In the previous quarter, exports seemed to be on their uppers with a net balance of 10 per cent. But the following three months, the same balance – which is the aggregate answer from more than 400 Scottish businesses on being questioned if activity is up, flat, or down – was a shocking minus 17 per cent.
This had the effect of sinking expectation of trading abroad for the next six months like a stone in the Firth of Forth, with a positive 21 per cent swinging dramatically to a negative 15 in only three months.
The poor show is unsurprising, considering that a good deal of the bulk of what we ship out is usually destined for European markets, where consumers have been too busy rioting in the streets to wash down langoustines with whisky. But it is disheartening, especially when the only way to drag ourselves out of the economic mire, shifting away from our comfy but unsustainable consumer-driven economy, is by trading with markets that can afford to buy what we sell.
Can the giant pandas residing in Edinburgh Zoo save us? Clearly, China is an important market to break into while Europe goes “ex-growth” and the debt-burdened US economy starts taking on an eerie resemblance to Monty Python’s unhappy eater, Mr Creosote.
As Tian Tian and Yang Guang arrived, Alex Salmond was racing across China in a concerted stint of ceremonial handshaking with dignitaries, which needs to be followed up by the hard slog of actual trade – a much more challenging and complex prospect.
Nor must we put all of our efforts in one bamboo basket. The emphasis of our public and private trade support organisations, the Scottish Development International and the Scottish Council for Development and Industry, respectively, are also now emphasising trade links with India, Russia and the far East.
Donald MacRae, the chief economist of Lloyds Banking Group Scotland who oversees its quarterly reports, insists that despite prospects for economic growth grinding to a halt there is still hope of avoiding a double-dip recession in the next six months, but he can’t go so far as to rule it out.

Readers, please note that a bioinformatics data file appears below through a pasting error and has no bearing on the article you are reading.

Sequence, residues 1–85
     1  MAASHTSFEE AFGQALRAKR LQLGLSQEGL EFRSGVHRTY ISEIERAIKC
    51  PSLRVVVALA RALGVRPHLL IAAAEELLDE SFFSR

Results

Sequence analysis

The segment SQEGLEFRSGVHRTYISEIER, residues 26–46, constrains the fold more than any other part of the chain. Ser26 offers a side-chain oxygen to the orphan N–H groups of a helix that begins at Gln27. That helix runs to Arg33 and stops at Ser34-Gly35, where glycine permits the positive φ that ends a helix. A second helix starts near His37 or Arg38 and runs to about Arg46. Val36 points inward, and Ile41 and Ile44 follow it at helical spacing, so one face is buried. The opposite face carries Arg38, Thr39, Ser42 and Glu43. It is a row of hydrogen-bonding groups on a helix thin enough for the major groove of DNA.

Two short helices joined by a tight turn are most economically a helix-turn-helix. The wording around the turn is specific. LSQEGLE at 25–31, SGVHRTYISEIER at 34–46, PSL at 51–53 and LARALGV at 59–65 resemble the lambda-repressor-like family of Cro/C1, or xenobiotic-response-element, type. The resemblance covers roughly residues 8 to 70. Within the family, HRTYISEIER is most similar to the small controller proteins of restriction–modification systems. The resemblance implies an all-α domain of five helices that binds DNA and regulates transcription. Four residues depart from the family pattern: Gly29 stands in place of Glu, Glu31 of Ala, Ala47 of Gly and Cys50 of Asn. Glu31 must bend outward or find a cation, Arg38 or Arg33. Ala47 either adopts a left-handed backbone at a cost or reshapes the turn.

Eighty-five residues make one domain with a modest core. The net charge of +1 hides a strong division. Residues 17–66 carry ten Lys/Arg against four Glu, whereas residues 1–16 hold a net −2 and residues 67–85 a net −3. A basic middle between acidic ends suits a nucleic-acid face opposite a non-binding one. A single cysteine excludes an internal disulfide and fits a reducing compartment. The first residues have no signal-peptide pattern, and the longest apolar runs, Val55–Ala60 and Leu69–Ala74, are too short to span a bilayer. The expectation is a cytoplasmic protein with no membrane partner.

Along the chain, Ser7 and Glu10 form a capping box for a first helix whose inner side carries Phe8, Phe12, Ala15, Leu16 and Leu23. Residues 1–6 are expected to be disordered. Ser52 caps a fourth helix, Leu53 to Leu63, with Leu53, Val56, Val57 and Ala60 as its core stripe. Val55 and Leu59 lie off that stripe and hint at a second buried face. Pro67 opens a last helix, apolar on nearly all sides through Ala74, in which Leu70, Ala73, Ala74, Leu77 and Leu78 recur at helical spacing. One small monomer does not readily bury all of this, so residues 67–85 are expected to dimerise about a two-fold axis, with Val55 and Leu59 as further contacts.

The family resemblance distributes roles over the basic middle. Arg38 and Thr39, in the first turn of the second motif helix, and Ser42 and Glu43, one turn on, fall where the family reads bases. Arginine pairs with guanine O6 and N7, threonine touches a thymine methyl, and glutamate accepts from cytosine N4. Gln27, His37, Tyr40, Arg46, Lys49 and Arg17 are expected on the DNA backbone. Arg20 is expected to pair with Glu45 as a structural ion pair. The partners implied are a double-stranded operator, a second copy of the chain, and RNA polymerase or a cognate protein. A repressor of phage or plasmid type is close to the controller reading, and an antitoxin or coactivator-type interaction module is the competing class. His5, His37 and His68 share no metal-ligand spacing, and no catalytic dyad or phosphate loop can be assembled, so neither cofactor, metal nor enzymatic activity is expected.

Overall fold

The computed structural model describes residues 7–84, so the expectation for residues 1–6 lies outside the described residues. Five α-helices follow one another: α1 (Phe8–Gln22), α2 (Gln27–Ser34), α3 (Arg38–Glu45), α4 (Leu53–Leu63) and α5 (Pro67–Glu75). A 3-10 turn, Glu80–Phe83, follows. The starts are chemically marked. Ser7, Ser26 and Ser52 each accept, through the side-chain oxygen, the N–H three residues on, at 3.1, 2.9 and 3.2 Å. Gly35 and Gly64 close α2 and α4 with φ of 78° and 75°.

The move into these faraway markets will represent a significant wrench for business travellers more accustomed to short hops to Schipol, but now is the time to start going the extra mile.
Landlords key to saving our ailing high streets
ThAT other crashing sound heard just a few days ago was the first post-Christmas failure of a retailer. The administrator of Ayrshire-based D2 Jeans shut 19 stores on Wednesday – six in Scotland – while keeping its fingers crossed that it would find a buyer for the remaining 28 stores.
For its owners, Jim McGonigle and Alan Kinney, it is just like a repeat of Christmas 2009, which was the last time they had to call in receiver James Stephen from BDO to sort out the flailing business.
That was just a year after they bought out their business partner, Sir Tom Hunter. But it is unclear if they will have the nerve or the wherewithal to buy a slimmed-down version of the fashion chain in a pre-pack a few weeks later as they did last time.
Accounts for D2, which is registered as A&J Menswear were supposed to have been filed in October, which is usually a sign of trouble. In 2009, the firm’s problems largely related to paying its quarterly rents, which traditionally fall due on Christmas day. This bill is what is expected to land like the giant blob from outer space to envelop a number of retailers in coming weeks, forcing them to shut their doors.
The retail industry has been lobbying for a change in the way rents are charged, to a more practicable and less unwieldy monthly payment. Others have even tried to play hardball, in the form of company voluntary arrangements, where stores can continue trading while negotiating lower rents with landlords on bills that would otherwise bankrupt them.
If you look at the stores that D2’s administrators have closed – in Clydebank, Falkirk, Glenrothes, Hamilton, Irvine and Paisley against those that remain open – it is like the scary ghost of Christmas future for failing Scottish high streets. Landlords there will have to do more to save what retailers remain.